Broad Area Colloquium For AI-Geometry-Graphics-Robotics-Vision
(CS 528)

Revenge of the Algebraists

Matt Ginsberg, On Time Systems, Inc.
April 18, 2005, 4:15PM
TCSeq 201


The last ten years have seen a remarkable increase in the use of general-purpose methods to solve problems of practical interest. Boolean satisfiability ("SAT") engines have become the technique of choice in problems ranging from microprocessor verification to planning. In this talk, we make two related points: The talk covers our reasons for believing (1) and the technical ideas underlying (2). We also present performance results for an implemented SAT engine showing polynomial scaling on problems known to be exponentially difficult for previous methods.

About the Speaker

Matthew L. Ginsberg received his doctorate in mathematics from Oxford in 1980 at the age of 24. He remained on the faculty in Oxford until 1983, doing research in mathematical physics and computer science; during this period, he wrote a program that was used successfully to trade stock and stock options on Wall Street.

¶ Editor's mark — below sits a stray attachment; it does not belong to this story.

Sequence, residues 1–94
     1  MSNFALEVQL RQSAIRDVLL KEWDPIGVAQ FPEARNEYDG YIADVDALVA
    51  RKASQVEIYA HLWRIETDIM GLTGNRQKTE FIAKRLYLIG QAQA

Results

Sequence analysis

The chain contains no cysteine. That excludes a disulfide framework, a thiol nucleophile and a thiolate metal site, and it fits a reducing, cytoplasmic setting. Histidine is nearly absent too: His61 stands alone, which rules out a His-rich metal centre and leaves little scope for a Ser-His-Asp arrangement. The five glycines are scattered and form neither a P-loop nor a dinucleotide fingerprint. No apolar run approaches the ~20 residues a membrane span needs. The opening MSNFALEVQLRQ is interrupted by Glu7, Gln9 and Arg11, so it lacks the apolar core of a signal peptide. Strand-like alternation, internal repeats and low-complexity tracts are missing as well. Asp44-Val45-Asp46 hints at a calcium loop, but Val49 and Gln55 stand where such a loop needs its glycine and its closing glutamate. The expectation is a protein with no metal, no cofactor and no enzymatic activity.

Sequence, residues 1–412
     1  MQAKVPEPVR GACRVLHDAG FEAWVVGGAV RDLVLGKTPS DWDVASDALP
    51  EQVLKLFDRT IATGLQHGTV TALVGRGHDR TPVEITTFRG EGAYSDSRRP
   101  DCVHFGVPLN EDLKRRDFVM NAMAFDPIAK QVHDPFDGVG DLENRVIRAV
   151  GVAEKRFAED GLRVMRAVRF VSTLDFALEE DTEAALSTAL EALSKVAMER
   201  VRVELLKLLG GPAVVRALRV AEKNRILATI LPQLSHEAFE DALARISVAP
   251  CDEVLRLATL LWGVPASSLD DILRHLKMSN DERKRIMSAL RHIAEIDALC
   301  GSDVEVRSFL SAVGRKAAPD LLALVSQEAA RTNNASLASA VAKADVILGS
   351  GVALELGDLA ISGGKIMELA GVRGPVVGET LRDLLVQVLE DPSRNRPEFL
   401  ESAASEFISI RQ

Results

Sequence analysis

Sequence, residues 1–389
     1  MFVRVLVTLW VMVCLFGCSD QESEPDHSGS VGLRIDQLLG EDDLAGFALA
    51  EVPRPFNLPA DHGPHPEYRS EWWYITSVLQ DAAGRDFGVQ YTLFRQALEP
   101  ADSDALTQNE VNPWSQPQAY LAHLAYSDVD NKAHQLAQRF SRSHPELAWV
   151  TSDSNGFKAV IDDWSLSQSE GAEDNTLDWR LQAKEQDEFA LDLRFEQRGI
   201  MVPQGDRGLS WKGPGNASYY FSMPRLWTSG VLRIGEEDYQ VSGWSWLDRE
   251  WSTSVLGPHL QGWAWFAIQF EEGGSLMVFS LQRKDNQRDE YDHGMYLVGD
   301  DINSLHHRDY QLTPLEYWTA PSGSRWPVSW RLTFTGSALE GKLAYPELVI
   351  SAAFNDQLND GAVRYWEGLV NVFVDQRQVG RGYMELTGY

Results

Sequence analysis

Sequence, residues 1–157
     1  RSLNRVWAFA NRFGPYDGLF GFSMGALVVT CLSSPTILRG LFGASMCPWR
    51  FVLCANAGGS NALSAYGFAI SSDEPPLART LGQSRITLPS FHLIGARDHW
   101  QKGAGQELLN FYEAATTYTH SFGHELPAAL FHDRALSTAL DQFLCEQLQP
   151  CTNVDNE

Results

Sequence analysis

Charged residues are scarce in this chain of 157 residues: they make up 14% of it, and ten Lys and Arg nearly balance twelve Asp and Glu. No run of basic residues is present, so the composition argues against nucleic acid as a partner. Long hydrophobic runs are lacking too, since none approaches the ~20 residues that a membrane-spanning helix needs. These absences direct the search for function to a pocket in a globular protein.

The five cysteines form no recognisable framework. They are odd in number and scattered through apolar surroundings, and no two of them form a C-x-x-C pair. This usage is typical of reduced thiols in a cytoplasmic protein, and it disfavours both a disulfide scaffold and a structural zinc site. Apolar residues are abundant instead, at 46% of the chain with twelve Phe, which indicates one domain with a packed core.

Ginsberg's continuing interest in artificial intelligence brought him to Stanford in late 1983, where he remained for nine years. He then went on to found CIRL, the computational intelligence research laboratory at the University of Oregon, which he directed until 1996. He currently remains on the faculty at CIRL and is the Chief Executive Officer of On Time Systems, a CIRL spinoff focusing on scheduling and routing technology.

Ginsberg's present research interests include constraint satisfaction and scheduling. He is the author of numerous publications in these areas, the editor of "Readings in Nonmonotonic Reasoning," and the author of "Essentials of Artificial Intelligence," both published by Morgan Kaufmann. He is also the author of the bridge-playing program GIB, which made international news by finishing 12th in the world bridge championships in Lille, France.


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